Bathtub Support / Leveling

Discussion in 'Shower & Bathtub Forum & Blog' started by jrmorton, Nov 24, 2011.

  1. jrmorton

    jrmorton New Member

    Messages:
    14
    Location:
    Detroit, MI
    Hi Everyone,

    I am installing a new bathtub and am trying to ensure it's properly supported and leveled. I am installing an American Standard Princeton tub with an apron. My flooring is down to only the rough 1x6" plank subfloor. The flooring is slightly out of level (maybe 3/8") from end to end. The flooring is also generally uneven between planks. The instructions state that a support stringer 2x4 should be installed, and that a mortar bed should NOT be used. I am concerned that if the floor is not level, and the support stringer is, that the tub will not be properly seated/supported on the floor.

    1) Should I install an underlayment under the bathtub to provide an even surface for it to sit? If so, would 15/32" BC pine plywood be an OK choice?

    2) It was suggested to me to try to layer tarpaper under the tub to level the flooring where needed. Does anyone here think this would work, or does anyone have another suggestion for how to level the floor in my scenario?

    Thanks,
    Dave
  2. Maintenancemouse

    Maintenancemouse New Member

    Messages:
    4
    Location:
    Maryland
    Good question Dave!

    I had a similar issue when I thought my tub rocking was due a poor install of the stringers. So in the mist of trouble shooting my tub wiggle, I knocked down the stringers down a 1/4". Wasn't the issue, I found a bulge in the floor. To solve this I laid cement board under the tub area and followed with self leveling cement. My new installation of the tub went with no wiggle, so i hooked up the drain and overflow tube.... but i forgot to raise the stringer.

    so like you, in the sense, I wonder what's more important. A level base or stringers?
  3. jrmorton

    jrmorton New Member

    Messages:
    14
    Location:
    Detroit, MI
    Thank you for the suggestion. I had read about SLC when trying to find a solution, but was concerned about being able to limit the area in which it would be applied. For example, how do you keep it from falling through the cutout for the drain? I also wouldn't want it seeping out the sides of the tub area and through the subfloor, etc. How did you tackle that? It seems when I find examples of SLC online, the scenarios seem more straight-forward than what I'm working with :)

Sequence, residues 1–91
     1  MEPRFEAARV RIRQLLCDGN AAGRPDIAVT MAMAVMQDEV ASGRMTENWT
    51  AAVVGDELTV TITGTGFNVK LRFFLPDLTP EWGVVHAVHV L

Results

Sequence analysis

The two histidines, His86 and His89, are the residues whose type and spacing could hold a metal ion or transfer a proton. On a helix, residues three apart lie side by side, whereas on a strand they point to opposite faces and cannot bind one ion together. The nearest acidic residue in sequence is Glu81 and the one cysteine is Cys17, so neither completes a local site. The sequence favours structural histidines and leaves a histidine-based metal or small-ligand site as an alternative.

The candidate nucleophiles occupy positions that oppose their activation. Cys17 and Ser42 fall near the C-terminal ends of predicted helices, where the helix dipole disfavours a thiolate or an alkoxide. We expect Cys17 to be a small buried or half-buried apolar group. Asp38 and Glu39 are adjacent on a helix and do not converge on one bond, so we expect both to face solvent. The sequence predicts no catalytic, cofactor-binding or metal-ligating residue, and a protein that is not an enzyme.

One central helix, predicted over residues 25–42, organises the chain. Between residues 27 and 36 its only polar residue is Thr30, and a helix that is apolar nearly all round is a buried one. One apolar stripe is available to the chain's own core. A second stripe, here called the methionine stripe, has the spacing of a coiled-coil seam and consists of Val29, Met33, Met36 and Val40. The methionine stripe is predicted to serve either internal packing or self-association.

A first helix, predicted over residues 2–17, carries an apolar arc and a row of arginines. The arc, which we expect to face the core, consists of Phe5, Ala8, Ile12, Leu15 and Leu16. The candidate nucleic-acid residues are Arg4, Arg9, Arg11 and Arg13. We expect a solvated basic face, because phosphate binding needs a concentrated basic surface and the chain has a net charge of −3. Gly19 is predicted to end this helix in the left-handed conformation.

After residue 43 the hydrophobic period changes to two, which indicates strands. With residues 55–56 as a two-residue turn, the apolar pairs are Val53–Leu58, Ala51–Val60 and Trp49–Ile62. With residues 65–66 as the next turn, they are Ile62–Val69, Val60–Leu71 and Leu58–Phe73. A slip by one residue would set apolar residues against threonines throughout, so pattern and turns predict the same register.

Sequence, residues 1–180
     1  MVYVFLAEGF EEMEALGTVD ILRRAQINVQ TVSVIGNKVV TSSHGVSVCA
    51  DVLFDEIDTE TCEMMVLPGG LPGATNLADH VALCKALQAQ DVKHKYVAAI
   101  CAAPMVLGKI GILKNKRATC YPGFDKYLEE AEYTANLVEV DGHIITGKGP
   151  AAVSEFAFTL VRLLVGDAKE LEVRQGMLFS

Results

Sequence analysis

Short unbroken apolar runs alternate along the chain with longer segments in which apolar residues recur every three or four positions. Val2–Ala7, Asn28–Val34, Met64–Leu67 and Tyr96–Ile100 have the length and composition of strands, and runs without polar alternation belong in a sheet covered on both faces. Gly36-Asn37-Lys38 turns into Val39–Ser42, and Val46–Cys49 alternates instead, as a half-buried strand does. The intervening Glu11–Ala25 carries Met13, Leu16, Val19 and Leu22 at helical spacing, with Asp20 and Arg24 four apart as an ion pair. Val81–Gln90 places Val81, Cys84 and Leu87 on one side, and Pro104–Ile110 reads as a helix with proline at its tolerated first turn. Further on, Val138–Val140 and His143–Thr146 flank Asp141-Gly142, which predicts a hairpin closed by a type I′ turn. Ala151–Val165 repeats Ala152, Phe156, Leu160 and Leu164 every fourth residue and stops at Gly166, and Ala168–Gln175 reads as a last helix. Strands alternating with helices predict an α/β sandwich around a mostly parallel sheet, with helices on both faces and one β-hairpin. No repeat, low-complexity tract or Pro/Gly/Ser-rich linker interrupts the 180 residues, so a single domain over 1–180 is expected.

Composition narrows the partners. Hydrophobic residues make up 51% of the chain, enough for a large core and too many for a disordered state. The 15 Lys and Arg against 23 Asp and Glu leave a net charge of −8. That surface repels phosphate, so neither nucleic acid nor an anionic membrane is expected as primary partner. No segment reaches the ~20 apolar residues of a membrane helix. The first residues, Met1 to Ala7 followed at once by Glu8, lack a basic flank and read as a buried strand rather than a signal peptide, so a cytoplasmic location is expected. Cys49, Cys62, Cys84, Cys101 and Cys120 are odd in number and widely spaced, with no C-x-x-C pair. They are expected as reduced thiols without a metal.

4. cacher_chick

    cacher_chick Test, Don't Guess!

    Messages:
    3,259
    Location:
    Land of Cheese
    You might consider what you are doing with the bathroom floor as a whole. You cannot lay most types of bathroom flooring on top of a plank subfloor, it will need to have plywood put down over it. Normally a tub would be set right before the finished flooring material is installed. If the bathroom floor is not flat, the time while the tub is removed is the only good time to fix it.

    As for the SLC, it is pretty easy to make dams with strips of wood sealed with caulk to keep it from going places you don't want it to. Make sure you follow the instructions. Thin pours of 1/2" or less do not usually end with good results.
  5. jadnashua

    jadnashua Retired Defense Industry Engineer xxx

    Messages:
    22,262
    Location:
    New England
    SLC tends to be more like pancake batter than water, so thicker is easier to get a nice result. ANd, many require at LEAST 1/2" when applied directly over ply, and you need the primer and lath. You can feather it over a slab or other cement layers (like cbu), but it isn't the easiest thing to feather until you get the hang of it, and some start to set in 10-minutes or less, so there's not much time (that's from the time it first hits water, and some of that needs time to mix it properly).
  6. jrmorton

    jrmorton New Member

    Messages:
    14
    Location:
    Detroit, MI
    Thanks guys, this is great information.

    I think I will try the SLC approach per your suggestions. If i use wood strips w/ caulk for the edges, is it possible to remove the strips that serve as dams afterward? Should I allow the SLC to adhere to the side of my bathroom floor tile, or should I separate it with a strip? I like the idea of being able to easily remove the plywood/SLC if needed, but don't know if that makes it less stable if it isn't butting up against any surfaces on the sides.
  7. jadnashua

    jadnashua Retired Defense Industry Engineer xxx

    Messages:
    22,262
    Location:
    New England
    It's suggested that you use something like seam seal or foam insluation strips to give a little expansion room at edges (up against some other fixed object). If the ply and floor aren't anchored and can flex, the SLC may crack and delaminate.
  8. jrmorton

    jrmorton New Member

    Messages:
    14
    Location:
    Detroit, MI
    Thanks for the information and tips. I was going to go the SLC route but I ran into a snag. After putting down 1/2" plywood over my plank subfloor, I am left with a roughly 5/8" recess relative to my tile flooring. There is one problematic corner that is about 3/8" higher than the other corners, making it recessed by only 1/4" below the tile flooring. If I need at least a 1/2" pour, I'll need to elevate the recess higher than the tile floor which won't really work.